The Role of Tax Havens in Wealth Management

Tax havens enable individuals and multinational corporations to avoid government tax collection obligations, thus exacerbating wealth inequality globally, according to new research.

Tax avoidance and tax evasion should not be confused; tax avoidance involves legal measures designed to decrease liability while the latter involves illegal means to conceal assets and avoid taxes.

Lower Tax Rates

Tax havens have the distinct advantage of offering lower (or no) taxes than most countries, thus drawing capital from individuals and businesses looking to escape higher tax bills in other nations.

US residents investing in tax havens through foreign subsidiaries of their own companies often choose tax havens as a strategy to defer taxes on investment income if its parent company doesn’t have significant presence there, thus protecting assets from being subject to US federal government levy.

Tax havens may also help businesses reduce the effective tax rate by providing complex BEPS tools and PTRs that bring their “effective” corporate tax rates closer to zero, potentially costing high-tax countries billions annually in lost tax revenue (Crivelli, de Mooij and Keen 2015; Cobham and Jansky 2018).


Tax havens offer clients greater protection, enabling them to safeguard their assets against lawsuits and creditors – an especially useful service for businesses, high-net-worth individuals and celebrities.

Tax havens provide multinational firms with an effective tool for shifting profits away from their home country of tax residence, thus decreasing their tax base. However, this effect can be offset by opaque intra-firm trade and nonaffiliates not reflecting profit shifting in service transactions between non-affiliates.

Tax havens can cause governments to miss out on tax revenue that they need for public services and infrastructure, worsen income inequality by only allowing wealthier individuals or corporations to afford tax havens, as well as be used illegally for both tax avoidance and evasion; yet with increasing pressure from international organizations like TIEAs and MLATs it may become harder for tax havens to maintain their competitive edge.


Tax havens provide secrecy that conceals non-residents’ wealth from tax authorities in other countries, providing an opportunity to evade or avoid taxes and facilitate money laundering activities that involve funds originating in illegal/criminal activity returning into the financial system.

Tax havens provide criminal enterprises with a covert way to funnel illicit proceeds through offshore entities and decouple criminal proceeds (e.g. drug trafficking, bribery and fraud) from their actual owners/actors – so that these profits may later be reinvested into legitimate global markets.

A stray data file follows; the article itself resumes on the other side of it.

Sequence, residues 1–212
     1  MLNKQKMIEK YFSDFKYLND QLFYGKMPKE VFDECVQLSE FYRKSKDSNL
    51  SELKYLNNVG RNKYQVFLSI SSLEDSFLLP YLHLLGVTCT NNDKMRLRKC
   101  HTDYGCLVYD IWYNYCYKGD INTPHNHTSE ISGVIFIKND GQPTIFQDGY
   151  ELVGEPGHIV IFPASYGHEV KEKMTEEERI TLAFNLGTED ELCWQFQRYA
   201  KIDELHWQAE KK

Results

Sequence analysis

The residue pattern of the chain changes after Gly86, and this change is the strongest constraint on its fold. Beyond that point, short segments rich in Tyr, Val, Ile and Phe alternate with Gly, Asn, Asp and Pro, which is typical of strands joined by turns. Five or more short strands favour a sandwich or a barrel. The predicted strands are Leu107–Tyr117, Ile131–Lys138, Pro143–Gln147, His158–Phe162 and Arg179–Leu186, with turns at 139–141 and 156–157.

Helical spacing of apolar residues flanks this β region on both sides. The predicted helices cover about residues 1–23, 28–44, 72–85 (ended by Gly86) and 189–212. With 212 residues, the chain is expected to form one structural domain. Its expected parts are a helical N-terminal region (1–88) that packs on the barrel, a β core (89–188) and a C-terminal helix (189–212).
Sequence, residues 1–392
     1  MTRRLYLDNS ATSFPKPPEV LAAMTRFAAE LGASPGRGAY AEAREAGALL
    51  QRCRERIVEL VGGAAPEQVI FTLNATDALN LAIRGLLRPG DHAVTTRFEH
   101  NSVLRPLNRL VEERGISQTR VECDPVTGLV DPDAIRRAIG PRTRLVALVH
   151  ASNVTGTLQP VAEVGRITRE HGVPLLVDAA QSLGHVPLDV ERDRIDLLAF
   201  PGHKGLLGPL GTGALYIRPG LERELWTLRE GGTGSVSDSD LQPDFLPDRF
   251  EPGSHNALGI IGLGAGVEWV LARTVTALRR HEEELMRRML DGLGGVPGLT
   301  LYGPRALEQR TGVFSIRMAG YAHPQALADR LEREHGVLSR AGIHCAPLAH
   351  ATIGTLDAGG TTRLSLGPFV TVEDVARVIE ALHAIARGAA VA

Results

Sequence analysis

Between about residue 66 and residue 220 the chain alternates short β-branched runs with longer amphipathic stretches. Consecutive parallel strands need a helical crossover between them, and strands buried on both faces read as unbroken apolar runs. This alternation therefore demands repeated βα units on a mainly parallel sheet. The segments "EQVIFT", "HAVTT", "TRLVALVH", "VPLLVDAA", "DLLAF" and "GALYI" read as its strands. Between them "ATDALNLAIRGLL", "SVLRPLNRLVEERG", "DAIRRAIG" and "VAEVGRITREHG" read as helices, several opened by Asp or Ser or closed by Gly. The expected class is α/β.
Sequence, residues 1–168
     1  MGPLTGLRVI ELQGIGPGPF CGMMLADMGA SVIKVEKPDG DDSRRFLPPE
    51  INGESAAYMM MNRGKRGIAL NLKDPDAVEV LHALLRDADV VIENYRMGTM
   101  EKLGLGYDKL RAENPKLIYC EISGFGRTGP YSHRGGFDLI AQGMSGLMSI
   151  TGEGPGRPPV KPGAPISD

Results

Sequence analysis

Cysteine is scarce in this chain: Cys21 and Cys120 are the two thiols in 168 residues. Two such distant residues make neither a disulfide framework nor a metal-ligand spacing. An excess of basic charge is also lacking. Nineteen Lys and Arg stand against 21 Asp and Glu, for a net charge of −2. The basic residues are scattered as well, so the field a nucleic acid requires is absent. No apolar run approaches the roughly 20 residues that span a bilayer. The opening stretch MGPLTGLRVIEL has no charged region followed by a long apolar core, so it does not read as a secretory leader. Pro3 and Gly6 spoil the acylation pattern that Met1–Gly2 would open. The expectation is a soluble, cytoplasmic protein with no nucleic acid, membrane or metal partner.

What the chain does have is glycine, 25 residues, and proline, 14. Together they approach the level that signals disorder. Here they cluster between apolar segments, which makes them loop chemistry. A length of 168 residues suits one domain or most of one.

Tax havens have come under attack from international initiatives designed to restrict their carefree existence, with international agreements like Tax Information Exchange Agreements (TIEAs) and Mutual Legal Assistance Treaties making mandatory financial data sharing across borders possible; this may ultimately lead to their businesses closing as access is lost to large markets.

Ease of Doing Business

Tax havens may be associated with illegal activity, but they can also offer legal solutions to reduce tax liabilities for both individuals and companies. By shifting profits and investments into low-tax jurisdictions, corporations and individuals can reduce their overall tax bills while still reaping the rewards of their activities.

Tax havens can be defined as countries offering low or no income taxes, providing secrecy for non-residents, and permitting asset relocation without leaving behind paper trails. Such characteristics enable both individuals and multinationals to structure their affairs to reduce tax liabilities more easily.

Though tax havens may present various challenges to global economies, many experts believe their short-term benefits for taxpayers far outweigh any long-term harm due to money laundering and illicit activity taking place in them. This is particularly evident since these havens typically possess weak or opaque regulatory frameworks.

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